Review of Road Work, by Dan Wylie (Echoing Green Press)
Reviewer: Dr Brian Walter
Dan Wylie’s new collection, Road Work is, as implied by the title, real work, in many of that word’s senses. As is typical of a good volume, meditation on the title, and its various challenging meanings, can help determine a way into some of the poems found within.
Putting aside evocative hints such as the “road work” of physical training, the fairly obvious “work done on the road”, the sense of travel pieces, which come out very strongly in this multi-continental meditation, there is a sense in which the road refers not only to journeying, but to the very physicality of the earth upon which we travel, or over which we travel.
Perhaps the title can call us to the tension between the physical world of being and experience, the “road” upon which we travel, and the “work”, the poem, the artifact, the mind-at-work, which reflects.
This tension is, at least, one way into Wylie’s labyrinthine world (he is “In the Labyrinth” in one of the later poems of the collection). The opening poem, for instance, is telling in this regard. “Touchdown”, with its space-travel language, brings us back to earth: “The tyres smoke on irrevocable tar; apprehension growls in reverse / thrust./ But your arms are open; I tentatively weigh/your fingertips against my cheek.” With the joyous “hello” of possibility that concludes the poem, the apprehension of the touchdown may be a “cheek” in this world of possibility.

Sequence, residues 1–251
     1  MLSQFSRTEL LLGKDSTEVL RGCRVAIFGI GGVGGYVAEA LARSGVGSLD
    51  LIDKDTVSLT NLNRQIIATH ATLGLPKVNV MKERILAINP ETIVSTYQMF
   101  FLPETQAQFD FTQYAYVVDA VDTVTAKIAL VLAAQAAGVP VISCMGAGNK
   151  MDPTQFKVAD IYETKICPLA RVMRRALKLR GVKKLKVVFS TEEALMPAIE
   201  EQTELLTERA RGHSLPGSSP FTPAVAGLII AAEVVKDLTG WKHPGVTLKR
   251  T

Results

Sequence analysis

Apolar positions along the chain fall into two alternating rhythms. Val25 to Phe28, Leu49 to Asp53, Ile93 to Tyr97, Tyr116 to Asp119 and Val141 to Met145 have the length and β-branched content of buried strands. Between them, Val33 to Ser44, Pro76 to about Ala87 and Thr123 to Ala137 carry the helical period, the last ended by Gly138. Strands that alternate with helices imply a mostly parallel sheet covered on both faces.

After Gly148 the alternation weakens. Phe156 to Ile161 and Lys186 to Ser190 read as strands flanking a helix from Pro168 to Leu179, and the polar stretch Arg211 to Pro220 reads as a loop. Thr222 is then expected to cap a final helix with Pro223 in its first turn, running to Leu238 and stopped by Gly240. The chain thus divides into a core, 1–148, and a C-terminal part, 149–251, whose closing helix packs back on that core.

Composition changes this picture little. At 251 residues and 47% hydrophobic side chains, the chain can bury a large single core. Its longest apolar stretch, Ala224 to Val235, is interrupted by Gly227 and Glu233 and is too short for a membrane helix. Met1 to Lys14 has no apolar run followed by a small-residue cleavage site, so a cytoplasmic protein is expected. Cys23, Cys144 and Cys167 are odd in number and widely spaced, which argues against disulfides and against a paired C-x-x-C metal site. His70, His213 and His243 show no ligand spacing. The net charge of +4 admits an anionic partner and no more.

For, despite the hard, ominous realities of, say, the bank queue in Mutare (“In Line”: “The teller’s yellowed eyes lock onto mine./He nods. I am next.”), Wylie finds the possibilities offered by as worldly a substance, a metaphorical a medium as wood, in “Wood-Turning”: “love, hate, the abrading days, / the contingency of knots, / the plain universals of grain” from which he fashions into “what?” Perhaps, “a slight chalice . . . finished in this unfinishable world”.
In his “making” of the world in these poems, Wylie seems to move between the earthly, sometimes comforting (“I turn again to the land, / to the unbridgeable comfort of hills, / to the thought of grounded friends / with their calm voices and their ordinary books”, their “homely lathes”), and the airborne cerebral, where the language and imagery become tough: real road work for the reader. In one airborne meditation, he echoes the metaphysical poet, Donne: “If my quickening heart keeps halving the interval / between beats, how can I ever die?” (this in the evocatively titled “Home Work”).
In the more cerebral language and imagery, Wylie is difficult, though not unrewarding: “Bestiary”, which reflects on the Book of Kells, is entangled in its “Thwarted artistry”: ”must / grind elixirs of malachite, azurite, gold. / Sacralize mere oxide”, and “Resurrect in the matrix of mauling jaws / the flaccid calligraphies of earth”.
It is almost with relief that we turn to the poems of simple confusion, of earth-bound questing, like the closing piece that evokes “Mister Darwin”: “What is that, still traveling / in the granite centre of your stillness?” “What is this life / that is cracking me open / from belly to crown?”
The world is not finished, the poet is still questing. Road Work invites you on an interesting, challenging journey.